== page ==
Letters to the editor: Jan. 25

Letters (photo credit: REUTERS)
(photo credit: REUTERS)
She’s a liability
Sir, – Tzipi Livni’s comments (“Livni: I am willing to negotiate over Jerusalem if necessary,” January 23) are outrageous.
As the person who has been leading the so-called negotiations with the Palestinians, how dare she be so amateurish! When does a negotiator give away her red lines before commencing negotiations? It is laughable because there are members of other governments, such as that of Canada, who are more responsible and forceful in putting across the Israeli position.
Isaac Herzog must be flipping out at having tied himself to such a liability. She should be known as Livni the Liability.
As for her estimation that Palestinian Authority President Mahmoud Abbas is no longer a terrorist, she just keeps putting her foot in her mouth. If it were not such a serious matter it would be humorous.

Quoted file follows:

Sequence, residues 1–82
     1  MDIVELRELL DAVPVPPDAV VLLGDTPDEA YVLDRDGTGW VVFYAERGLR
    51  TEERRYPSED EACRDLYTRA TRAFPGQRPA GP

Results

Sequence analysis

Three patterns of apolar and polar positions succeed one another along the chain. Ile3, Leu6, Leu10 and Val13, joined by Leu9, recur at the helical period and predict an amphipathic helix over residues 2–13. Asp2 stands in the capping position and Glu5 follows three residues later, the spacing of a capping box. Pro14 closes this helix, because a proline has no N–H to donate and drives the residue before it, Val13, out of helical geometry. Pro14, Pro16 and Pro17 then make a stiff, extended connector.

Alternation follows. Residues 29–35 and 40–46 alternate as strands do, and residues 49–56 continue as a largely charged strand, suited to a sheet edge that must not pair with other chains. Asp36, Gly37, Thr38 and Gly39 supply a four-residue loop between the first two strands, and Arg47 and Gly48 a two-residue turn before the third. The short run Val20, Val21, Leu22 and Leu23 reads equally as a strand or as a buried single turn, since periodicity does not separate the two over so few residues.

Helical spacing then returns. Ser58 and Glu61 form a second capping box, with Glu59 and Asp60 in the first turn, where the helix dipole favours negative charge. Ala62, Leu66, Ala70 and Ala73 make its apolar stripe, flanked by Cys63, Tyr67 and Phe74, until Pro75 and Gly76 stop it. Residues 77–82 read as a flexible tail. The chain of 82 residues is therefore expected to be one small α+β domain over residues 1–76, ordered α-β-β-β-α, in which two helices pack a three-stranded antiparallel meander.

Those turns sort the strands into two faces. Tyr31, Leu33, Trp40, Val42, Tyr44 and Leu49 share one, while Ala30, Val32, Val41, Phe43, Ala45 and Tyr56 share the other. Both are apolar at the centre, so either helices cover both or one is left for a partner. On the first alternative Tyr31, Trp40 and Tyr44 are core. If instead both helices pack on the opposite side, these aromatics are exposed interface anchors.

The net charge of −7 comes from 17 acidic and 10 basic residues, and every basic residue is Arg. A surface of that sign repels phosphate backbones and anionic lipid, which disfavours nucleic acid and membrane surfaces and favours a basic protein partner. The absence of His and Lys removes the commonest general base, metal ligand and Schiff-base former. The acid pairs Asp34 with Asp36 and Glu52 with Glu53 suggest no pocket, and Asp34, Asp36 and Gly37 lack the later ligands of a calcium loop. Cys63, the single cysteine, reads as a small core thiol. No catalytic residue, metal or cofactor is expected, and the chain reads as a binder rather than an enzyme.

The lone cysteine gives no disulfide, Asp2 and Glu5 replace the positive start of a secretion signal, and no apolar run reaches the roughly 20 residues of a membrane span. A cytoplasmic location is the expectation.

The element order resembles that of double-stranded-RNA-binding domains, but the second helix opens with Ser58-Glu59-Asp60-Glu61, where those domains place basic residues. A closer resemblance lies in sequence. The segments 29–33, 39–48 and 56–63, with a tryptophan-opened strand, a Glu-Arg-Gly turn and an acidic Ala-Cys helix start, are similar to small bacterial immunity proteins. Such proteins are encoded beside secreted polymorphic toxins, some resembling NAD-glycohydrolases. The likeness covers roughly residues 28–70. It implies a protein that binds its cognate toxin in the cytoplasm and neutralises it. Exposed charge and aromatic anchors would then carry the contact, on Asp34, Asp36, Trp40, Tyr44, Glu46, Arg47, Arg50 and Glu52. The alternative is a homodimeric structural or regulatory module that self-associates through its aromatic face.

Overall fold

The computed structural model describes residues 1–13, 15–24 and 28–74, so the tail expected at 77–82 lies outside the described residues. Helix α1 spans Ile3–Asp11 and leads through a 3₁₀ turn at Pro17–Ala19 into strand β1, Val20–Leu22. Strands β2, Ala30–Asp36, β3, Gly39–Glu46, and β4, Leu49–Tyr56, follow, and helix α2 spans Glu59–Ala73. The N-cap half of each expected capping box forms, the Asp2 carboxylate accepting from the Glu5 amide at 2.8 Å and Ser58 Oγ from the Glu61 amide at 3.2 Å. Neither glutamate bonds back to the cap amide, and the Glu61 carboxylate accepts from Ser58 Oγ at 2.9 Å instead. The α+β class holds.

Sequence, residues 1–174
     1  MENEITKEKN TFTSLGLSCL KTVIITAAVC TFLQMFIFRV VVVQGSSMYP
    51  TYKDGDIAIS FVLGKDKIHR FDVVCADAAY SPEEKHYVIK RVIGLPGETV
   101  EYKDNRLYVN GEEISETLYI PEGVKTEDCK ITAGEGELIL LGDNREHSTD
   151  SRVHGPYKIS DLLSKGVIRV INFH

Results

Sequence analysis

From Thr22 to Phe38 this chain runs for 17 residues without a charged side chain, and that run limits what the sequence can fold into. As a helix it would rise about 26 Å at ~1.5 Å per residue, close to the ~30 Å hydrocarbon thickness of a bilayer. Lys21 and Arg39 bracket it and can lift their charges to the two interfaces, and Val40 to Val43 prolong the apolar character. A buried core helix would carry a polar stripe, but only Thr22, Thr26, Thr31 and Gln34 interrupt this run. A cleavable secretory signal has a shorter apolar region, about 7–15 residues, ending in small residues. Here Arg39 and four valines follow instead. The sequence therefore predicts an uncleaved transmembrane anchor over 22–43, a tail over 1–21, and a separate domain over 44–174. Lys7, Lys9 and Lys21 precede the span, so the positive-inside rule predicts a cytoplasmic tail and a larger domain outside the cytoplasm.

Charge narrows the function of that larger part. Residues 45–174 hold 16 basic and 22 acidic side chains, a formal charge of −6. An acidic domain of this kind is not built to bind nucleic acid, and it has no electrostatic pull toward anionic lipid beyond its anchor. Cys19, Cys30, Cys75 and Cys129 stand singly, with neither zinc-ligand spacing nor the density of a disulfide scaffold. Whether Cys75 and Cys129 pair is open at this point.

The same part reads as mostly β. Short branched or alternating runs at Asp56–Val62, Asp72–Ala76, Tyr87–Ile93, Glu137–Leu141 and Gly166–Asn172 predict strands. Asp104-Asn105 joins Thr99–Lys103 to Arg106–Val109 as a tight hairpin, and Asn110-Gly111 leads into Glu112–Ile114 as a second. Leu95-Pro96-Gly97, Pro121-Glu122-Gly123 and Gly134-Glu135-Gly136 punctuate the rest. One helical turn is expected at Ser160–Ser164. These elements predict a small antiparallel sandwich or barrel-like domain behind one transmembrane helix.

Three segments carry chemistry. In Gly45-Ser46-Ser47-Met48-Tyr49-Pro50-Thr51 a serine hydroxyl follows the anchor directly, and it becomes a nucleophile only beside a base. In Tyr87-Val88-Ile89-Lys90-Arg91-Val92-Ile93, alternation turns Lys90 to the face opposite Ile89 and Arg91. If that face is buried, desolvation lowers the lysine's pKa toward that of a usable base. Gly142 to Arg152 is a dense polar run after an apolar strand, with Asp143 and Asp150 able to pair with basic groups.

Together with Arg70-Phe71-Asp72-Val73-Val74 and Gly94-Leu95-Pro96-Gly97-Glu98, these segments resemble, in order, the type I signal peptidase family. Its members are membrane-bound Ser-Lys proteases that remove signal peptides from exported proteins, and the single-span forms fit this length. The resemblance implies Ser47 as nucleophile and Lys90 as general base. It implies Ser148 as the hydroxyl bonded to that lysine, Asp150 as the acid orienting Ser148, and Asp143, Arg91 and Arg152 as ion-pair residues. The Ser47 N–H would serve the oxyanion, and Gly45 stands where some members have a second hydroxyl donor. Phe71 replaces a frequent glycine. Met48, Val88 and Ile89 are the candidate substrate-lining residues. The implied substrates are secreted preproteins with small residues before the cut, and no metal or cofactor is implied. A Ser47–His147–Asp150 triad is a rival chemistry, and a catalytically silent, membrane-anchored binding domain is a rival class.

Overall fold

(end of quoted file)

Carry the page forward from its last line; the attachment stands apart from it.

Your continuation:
Doing a disservice
Sir, – Daniel K. Eisenbud does your readers’ search for clarity and truth a significant disservice in “Report: Construction of Temple Mount footbridge exacerbated tensions” (January 23).
While the NGO Emek Shaveh is entitled to its opinion, its report is highly biased and skewed, and downright inaccurate. From its perspective, Israel and Jews should have virtually no role, say or rights to the Temple Mount despite Article 9 of the Israel-Jordanian peace treaty, which guarantees equal access for all parties to all holy sites.
The Wakf’s role on the Temple Mount is administrative, not political. And the issue of the so-called status quo is a classic example of what is held in the eyes of the beholder. Veteran tour guides speak about a status quo where at one time everyone went up to the Temple Mount and prayed and sang however they chose.